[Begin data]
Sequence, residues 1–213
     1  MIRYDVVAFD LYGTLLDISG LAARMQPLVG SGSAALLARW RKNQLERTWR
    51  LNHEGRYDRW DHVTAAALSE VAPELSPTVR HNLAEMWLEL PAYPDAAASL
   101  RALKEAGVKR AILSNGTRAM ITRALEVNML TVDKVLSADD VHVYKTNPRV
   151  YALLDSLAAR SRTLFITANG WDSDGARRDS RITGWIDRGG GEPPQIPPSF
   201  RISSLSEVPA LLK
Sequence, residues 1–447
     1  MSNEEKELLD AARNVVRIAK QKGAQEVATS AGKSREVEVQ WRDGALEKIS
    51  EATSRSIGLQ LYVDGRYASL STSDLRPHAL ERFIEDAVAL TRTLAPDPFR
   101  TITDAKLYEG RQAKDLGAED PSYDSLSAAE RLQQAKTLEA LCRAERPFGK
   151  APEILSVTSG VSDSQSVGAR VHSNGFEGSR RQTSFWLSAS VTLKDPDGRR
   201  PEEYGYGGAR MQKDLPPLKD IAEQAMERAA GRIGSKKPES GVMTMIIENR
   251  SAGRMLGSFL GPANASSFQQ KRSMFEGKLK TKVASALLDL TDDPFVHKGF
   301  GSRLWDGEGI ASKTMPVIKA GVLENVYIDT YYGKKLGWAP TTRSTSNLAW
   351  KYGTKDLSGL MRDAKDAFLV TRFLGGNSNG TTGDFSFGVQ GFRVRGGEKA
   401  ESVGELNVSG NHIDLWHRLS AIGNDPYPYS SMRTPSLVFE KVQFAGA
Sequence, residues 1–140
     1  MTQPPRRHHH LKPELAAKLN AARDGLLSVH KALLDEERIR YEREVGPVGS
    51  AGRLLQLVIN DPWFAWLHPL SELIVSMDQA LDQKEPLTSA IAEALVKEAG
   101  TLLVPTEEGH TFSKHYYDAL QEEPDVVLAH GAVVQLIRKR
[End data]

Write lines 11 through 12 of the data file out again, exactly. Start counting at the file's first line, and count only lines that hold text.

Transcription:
   151  APEILSVTSG VSDSQSVGAR VHSNGFEGSR RQTSFWLSAS VTLKDPDGRR
   201  PEEYGYGGAR MQKDLPPLKD IAEQAMERAA GRIGSKKPES GVMTMIIENR